Returning to the ranch house we decided the next thing in order should be a refreshing swim in the pool to whet our appetite for dinner. However, Jack refrained from taking a dip in the cool water which could have aggravated his rheumatic condition. He sat on the pool wall and enjoyed watching the rest of us, and conversing with two friends who had just driven in from Oakland or San Francisco, a man and his wife whose name I have completely forgotten. About 8pm the dinner bell rang, a summons to come and partake of a delicious repast of squab and all the trimmings.

Jack and his friends and the Doctor enlivened the meal with discussion and debate on various subjects while Charmian and I were content to listen, be seen but not heard. Jack was a quick witted conversationalist and took a great delight in controversy. The more intellectual his opponent the greater the satisfaction he seemed to derive in confounding either the negative or affirmative side of a subject. He could certainly speak with certitude on his belief or disbelief, his likes and dislikes, with an intense and overpowering feeling. Such was the inherent nature of the man. I could have sat and listened to him by the hour discourse with earnest zeal and enthusiastic devotion to what he believed to be right and the truth of a cause even though it appeared to be lost. Truth was his god and he was always ready to defend and stand up and fight for it.

That evening, September 14, 1916, was that will always stand out as a special moment of my life to be remembered to the end of my days.

Oh! that Jack London's light could have burned longer. He was like a "swift – fleeting meteor" streaking across the horizon for one brief period of illimitable time. It was as he wanted his life to be, as he tells us in these words —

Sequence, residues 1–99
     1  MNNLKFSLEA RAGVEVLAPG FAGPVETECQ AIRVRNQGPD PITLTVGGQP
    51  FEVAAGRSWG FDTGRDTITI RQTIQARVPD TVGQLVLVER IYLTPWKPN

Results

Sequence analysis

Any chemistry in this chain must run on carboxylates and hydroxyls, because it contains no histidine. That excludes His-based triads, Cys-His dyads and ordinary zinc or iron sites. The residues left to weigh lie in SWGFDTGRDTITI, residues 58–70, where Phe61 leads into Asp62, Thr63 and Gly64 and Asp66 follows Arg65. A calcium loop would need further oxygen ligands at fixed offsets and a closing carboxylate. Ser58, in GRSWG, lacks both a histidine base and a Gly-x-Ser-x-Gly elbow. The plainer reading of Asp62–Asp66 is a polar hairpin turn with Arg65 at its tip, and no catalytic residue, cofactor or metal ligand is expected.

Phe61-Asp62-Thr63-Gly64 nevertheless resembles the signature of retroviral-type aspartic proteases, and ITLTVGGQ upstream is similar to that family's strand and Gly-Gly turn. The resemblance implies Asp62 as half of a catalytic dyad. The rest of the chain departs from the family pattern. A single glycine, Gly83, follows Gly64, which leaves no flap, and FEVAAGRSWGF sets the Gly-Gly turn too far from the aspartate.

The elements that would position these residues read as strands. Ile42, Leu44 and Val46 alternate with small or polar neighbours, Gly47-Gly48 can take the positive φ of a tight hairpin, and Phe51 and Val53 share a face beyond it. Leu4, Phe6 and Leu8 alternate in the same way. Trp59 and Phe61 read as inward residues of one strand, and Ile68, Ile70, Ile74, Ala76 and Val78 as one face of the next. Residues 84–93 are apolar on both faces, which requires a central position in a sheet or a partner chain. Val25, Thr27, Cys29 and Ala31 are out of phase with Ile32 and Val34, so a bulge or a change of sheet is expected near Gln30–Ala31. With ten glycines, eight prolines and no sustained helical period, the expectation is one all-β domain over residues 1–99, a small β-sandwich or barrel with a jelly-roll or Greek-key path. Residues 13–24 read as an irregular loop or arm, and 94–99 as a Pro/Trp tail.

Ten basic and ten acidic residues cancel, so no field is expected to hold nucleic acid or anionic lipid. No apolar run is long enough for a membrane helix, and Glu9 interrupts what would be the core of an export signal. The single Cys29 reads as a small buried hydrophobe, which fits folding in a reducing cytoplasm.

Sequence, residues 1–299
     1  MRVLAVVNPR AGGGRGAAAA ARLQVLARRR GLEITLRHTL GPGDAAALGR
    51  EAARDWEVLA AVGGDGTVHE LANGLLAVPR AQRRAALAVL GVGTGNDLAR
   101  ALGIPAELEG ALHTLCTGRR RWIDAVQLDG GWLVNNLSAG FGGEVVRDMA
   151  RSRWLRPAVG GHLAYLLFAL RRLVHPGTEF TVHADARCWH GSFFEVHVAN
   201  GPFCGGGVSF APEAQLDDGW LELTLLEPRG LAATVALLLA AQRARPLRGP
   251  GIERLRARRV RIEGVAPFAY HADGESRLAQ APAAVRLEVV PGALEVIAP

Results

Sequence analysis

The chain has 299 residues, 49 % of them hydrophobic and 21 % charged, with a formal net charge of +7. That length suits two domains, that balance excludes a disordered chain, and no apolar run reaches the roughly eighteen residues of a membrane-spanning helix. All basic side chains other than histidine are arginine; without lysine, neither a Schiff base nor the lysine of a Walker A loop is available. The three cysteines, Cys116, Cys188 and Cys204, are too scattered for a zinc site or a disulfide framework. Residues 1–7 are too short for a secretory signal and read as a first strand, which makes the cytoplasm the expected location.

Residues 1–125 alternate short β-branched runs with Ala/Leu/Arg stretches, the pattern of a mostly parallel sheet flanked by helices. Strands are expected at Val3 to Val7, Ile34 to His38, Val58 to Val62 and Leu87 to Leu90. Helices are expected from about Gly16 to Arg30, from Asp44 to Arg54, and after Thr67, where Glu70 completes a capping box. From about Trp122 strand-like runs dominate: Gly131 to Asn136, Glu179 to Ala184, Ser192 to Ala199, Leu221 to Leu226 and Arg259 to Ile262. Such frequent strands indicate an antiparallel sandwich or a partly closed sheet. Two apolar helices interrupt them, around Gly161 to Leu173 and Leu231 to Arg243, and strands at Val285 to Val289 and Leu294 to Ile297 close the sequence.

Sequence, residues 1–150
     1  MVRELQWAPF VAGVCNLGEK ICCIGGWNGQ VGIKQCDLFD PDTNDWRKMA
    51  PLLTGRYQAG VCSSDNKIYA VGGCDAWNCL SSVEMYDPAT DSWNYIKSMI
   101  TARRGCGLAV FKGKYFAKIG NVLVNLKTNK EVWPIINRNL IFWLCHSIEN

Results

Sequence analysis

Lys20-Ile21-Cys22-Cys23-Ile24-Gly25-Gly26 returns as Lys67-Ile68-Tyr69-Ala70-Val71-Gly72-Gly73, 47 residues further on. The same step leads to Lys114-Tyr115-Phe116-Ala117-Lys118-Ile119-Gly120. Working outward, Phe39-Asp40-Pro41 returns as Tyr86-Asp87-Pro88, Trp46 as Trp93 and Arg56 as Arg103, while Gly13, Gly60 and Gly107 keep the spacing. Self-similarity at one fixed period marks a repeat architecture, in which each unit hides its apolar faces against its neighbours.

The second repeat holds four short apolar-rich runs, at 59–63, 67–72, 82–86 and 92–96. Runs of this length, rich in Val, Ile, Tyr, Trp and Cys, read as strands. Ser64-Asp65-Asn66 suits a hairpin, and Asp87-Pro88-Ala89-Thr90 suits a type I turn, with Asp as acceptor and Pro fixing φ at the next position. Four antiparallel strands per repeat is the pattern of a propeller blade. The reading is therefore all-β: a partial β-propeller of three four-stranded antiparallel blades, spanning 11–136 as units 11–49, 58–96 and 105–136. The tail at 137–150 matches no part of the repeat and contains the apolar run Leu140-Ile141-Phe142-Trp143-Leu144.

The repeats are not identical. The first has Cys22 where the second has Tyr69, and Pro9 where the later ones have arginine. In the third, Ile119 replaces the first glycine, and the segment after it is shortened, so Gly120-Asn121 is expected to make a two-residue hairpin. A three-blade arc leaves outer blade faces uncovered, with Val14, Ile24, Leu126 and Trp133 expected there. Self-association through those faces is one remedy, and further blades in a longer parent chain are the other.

"I would rather be ashes than dust! I would rather that my spark should burn out in a brilliant blaze than it should be stifled by dry-rot. I would rather be a superb meteor, every atom of me in magnificent glow, than a sleepy and permanent planet. The proper function of man is to live, not exist. I shall not waste my days in trying to prolong them, I shall use my time."

On the morning of September 15 the Doctor and I reluctantly had to take our departure. It was required that I be back in Portland the 16th, so I could not prolong my stay. Jack tried to persuade Doctor to remain longer suggesting that I could take the train from Glen Ellen which, of course, I could have. I know the Doctor regretted it later that Jack's invitation to stay longer was not accepted because they seemed to have so much in common and so little time to share it. This was deeply felt by the Doctor when a short two months later came the report of Jack's death.

It was a privilege to have met and been with him for only three short days and to have known him in the flesh for that little time in my 26th year. Now, 49 years later as I write these lines, I can say that I know him now far more than I knew him then. I read all his work and biographies that I have been able to find published. My life has been immeasurably enriched by having known and studied him.

As I, in retrospection, ponder those happy hours spent with Jack, Charmian and the Doctor during those three days so long ago, there comes the thought that in spite of Jack's happy and pleasant demeanor, that he was, in fact, a sicker man than his outward appearance revealed. I believe now, that Dr. Turley knew this but the ethics of his profession forbade any discussion of it to outsiders. It is just possible that he discussed it with Charmian while they were alone. I'll never know.

But I will venture to say that whatever physical ailment Jack may have had could have been sapping his strength and spirit and the desire to fight on in a battle he no doubt felt to be a losing one, and not worth the effort. Yet, he not once complained or allowed himself to reveal a single thought or feeling that would or could indicate his possible suffering. An inward feeling of discouragement may have overwhelmingly possessed his very being and that his seeing brought welcome visions of the end. As in his own words "I shall not waste my days in trying to prolong them."

Despondency is a merciless adversary.

Source:  Woodbridge, Hensley. Jack London Newsletter 1965